Similar controls on calcification under ocean acidification across unrelated coral reef taxa

Ocean acidification (OA) is a major threat to marine ecosystems, particularly coral reefs which are heavily reliant on calcareous species. OA decreases seawater pH and calcium carbonate saturation state (Ω), and increases the concentration of dissolved inorganic carbon (DIC). Intense scientific effort has attempted to determine the mechanisms via which ocean acidification (OA) influences calcification, led by early hypotheses that calcium carbonate saturation state (Ω) is the main driver. We grew corals and coralline algae for 8 to 21 weeks, under treatments where the seawater parameters Ω, pH and DIC were manipulated to examine their differential effects on calcification rates and calcifying fluid chemistry (Ωcf, pHcf, and DICcf). Here, using long duration experiments, we provide geochemical evidence that differing physiological controls on carbonate chemistry at the site of calcification, rather than seawater Ω, are the main determinants of calcification. We found that changes in seawater pH and DIC rather than Ω had the greatest effects on calcification and calcifying fluid chemistry, though the effects of seawater carbonate chemistry were limited. Our results demonstrate the capacity of organisms from taxa with vastly different calcification mechanisms to regulate their internal chemistry under extreme chemical conditions. These findings provide an explanation for the resilience of some species to OA, while also demonstrating how changes in seawater DIC and pH under OA influence calcification of key coral reef taxa.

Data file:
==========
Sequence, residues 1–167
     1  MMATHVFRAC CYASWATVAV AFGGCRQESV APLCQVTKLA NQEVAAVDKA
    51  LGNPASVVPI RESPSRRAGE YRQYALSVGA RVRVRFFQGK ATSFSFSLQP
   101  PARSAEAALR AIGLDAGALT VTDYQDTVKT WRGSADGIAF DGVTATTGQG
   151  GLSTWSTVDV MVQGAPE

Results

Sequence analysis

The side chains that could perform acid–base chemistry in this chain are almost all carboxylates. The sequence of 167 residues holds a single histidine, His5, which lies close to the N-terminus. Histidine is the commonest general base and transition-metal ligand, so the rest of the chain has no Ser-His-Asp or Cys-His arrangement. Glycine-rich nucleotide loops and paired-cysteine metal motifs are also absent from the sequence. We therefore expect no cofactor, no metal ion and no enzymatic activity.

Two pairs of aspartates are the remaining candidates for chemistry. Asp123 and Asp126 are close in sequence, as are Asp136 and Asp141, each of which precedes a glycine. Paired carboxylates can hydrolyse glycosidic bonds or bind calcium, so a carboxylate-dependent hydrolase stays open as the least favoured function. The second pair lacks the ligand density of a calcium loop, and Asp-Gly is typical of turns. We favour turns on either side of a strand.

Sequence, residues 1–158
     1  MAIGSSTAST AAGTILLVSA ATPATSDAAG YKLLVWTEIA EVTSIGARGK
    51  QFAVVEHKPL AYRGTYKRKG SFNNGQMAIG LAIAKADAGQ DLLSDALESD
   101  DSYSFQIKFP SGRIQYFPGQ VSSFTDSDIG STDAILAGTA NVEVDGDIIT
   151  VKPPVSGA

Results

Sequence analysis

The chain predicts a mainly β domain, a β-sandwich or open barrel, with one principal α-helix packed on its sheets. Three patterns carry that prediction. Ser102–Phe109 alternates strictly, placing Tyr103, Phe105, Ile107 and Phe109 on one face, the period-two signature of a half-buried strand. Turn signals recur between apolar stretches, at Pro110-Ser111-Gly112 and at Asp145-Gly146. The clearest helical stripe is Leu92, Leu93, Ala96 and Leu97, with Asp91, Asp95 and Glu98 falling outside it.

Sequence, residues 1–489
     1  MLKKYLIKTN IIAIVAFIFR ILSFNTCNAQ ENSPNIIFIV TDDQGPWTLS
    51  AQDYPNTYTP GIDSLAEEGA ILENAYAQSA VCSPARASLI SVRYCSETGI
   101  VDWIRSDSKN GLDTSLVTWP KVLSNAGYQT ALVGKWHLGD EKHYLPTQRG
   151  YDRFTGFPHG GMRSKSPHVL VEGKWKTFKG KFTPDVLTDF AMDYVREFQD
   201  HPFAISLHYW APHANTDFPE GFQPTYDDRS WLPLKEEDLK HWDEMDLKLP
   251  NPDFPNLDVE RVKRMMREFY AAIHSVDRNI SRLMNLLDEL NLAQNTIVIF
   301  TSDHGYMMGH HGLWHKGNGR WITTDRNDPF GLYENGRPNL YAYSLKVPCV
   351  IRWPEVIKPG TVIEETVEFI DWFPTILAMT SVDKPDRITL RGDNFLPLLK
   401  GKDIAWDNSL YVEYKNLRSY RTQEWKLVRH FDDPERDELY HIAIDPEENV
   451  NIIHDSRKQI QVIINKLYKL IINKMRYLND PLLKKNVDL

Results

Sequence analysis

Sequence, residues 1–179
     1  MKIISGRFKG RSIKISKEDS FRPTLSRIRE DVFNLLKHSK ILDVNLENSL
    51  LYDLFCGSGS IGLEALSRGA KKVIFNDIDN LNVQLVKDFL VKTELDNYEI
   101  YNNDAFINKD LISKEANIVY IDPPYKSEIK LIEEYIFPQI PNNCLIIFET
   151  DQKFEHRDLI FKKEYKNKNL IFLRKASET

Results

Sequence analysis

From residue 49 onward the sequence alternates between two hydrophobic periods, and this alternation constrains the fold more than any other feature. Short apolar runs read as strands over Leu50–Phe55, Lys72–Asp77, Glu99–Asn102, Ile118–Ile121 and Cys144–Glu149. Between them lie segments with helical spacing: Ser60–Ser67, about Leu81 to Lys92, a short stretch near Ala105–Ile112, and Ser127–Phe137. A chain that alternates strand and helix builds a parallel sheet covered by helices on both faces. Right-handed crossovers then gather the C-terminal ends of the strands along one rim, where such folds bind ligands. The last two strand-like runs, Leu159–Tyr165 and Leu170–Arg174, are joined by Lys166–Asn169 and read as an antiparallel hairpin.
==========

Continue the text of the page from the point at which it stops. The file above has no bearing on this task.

Comeau S., Cornwall C. E., De Carlo T. M., Krieger E. & McCulloch M. T., in press. Similar controls on calcification under ocean acidification across unrelated coral reef taxa. Global Change Biology. Article (subscription required).

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